Cappadocia is one of the regions of Turkey that has suffered one of the biggest tourist explosions in recent years. It’s landscapes and historical heritage are unique. In 1985 UNESCO listed Cappadocia as a World Heritage Site. The presence of balloons is not, either, foreign to this explosion of tourists.
After a lot of indecision, we finally decided to give in to the temptation and do what hundreds of other people do daily there. We decided to embark in a basket and float several thousand feet above the beautiful region.
It must be said, a hot air balloon ride is a unique experience. It gives the effect of floating more than flying. The pilots of Cappadocia are probably among the best in the world and they make their way through the two hundred or so balloons that crisscross the sky each morning.
To go on a balloon ride, you have to get up early, very early! 3:30 in the morning in our case. The company bus picks you up at your place of residence and takes a journey through the surrounding villages to pick up other tourists.
Then comes a breakfast consisting of some croissants, fruits and tea. Always tea. Small digression: get ready to drink tea. Tea is the hallmark of Turkish hospitality. You will be offered it everywhere, sometimes even at the gas station. Little advice. Accept! Who knows what unusual encounters you will make. The casual conversations that you will have. For our part, we talked politics with Turks now living in Germany. We sat for fifteen minutes with the keeper of a small nut shop in Kurdistan without being able to exchange a word, but exchanging several smiles filled with real happiness to cross roads.
But, let’s continue. Cappadocia and hot air balloons. As I said, it’s a unique experience. No regrets. Except that … Except, it’s killing the region. Their beauty fills the sky. But, on the ground, the logistics necessary to lead to the departure and the arrival of hundreds of balloons and tourists, it literally moves mountains. Two hundred balloons and a dozen people (twelve maximum), leaves a mark.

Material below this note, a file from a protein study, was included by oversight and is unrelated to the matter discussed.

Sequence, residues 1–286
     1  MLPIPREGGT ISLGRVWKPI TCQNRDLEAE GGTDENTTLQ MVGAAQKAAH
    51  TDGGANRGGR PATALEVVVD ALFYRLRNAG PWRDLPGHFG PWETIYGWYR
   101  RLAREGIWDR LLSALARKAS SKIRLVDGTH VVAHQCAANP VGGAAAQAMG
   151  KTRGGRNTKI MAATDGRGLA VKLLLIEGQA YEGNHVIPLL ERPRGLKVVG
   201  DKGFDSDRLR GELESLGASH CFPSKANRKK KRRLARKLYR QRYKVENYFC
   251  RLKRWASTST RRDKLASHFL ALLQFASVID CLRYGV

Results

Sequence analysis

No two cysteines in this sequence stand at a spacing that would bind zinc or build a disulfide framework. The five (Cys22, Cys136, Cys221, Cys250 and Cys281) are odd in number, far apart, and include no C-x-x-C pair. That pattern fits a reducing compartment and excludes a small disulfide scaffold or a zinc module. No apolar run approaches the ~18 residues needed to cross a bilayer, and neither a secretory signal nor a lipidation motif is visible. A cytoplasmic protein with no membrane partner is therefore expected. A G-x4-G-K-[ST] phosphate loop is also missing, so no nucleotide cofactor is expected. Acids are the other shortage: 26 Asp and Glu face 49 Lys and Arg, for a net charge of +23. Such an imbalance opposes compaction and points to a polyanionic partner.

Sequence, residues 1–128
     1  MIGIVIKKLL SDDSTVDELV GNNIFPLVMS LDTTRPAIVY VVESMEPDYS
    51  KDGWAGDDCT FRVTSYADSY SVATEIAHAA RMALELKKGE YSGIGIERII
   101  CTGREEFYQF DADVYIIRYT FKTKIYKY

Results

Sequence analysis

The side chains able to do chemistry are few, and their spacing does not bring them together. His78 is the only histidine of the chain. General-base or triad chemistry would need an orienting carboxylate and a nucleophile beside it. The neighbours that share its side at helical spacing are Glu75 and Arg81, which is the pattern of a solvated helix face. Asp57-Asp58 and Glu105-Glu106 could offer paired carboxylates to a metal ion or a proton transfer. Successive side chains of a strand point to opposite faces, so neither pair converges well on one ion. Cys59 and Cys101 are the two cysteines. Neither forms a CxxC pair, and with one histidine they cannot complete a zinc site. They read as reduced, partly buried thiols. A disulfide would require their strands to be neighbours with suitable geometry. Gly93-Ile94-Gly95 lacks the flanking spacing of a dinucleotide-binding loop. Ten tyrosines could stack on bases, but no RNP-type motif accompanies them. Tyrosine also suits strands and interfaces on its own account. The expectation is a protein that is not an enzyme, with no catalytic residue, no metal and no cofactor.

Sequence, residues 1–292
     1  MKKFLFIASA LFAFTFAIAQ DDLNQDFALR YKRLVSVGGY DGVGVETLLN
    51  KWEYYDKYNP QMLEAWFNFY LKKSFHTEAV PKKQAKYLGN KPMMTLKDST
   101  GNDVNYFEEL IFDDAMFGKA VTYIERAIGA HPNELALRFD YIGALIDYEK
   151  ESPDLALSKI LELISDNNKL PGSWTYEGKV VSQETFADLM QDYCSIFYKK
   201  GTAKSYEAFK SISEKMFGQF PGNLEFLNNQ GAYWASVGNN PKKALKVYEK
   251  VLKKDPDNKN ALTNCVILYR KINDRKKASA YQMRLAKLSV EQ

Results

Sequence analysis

To develop enough take-off and landing runways, several hills have been levelled. Farmer fields have been requisitioned. The idyllic, magical landscape has made way, given way to hordes of selfie takers at a thousand feet of altitude.
The contrast is strong with the signature architecture of the region: the cave houses built on the mountainside or in the valleys. It is because Cappadocia was a privileged place of the first Christians. Persecuted everywhere in the surrounding regions and empires, Christians have taken refuge in impressive houses dug out of the rock. There are chapels over a thousand years old. Underground cities that can shelter up to thirty thousand inhabitants. In short, we were far from the austerity and piety of the previous residents of the region … But damn it was beautiful anyway!
Cappadocia (/kæpəˈdoʊʃə/; also Capadocia; Greek: Καππαδοκία, Kappadokía, from Old Persian: Katpatuka, Turkish: Kapadokya) is a historical region in Central Anatolia, largely in the Nevşehir, Kayseri, Kırşehir, Aksaray, and Niğde Provinces in Turkey.
According to Herodotus, in the time of the Ionian Revolt (499 BC), the Cappadocians were reported as occupying a region from Mount Taurus to the vicinity of the Euxine (Black Sea). Cappadocia, in this sense, was bounded in the south by the chain of the Taurus Mountains that separate it from Cilicia, to the east by the upper Euphrates, to the north by Pontus, and to the west by Lycaonia and eastern Galatia.
The name, traditionally used in Christian sources throughout history, continues in use as an international tourism concept to define a region of exceptional natural wonders, in particular characterized by fairy chimneys and a unique historical and cultural heritage.
To learn more: https://en.wikipedia.org/wiki/Cappadocia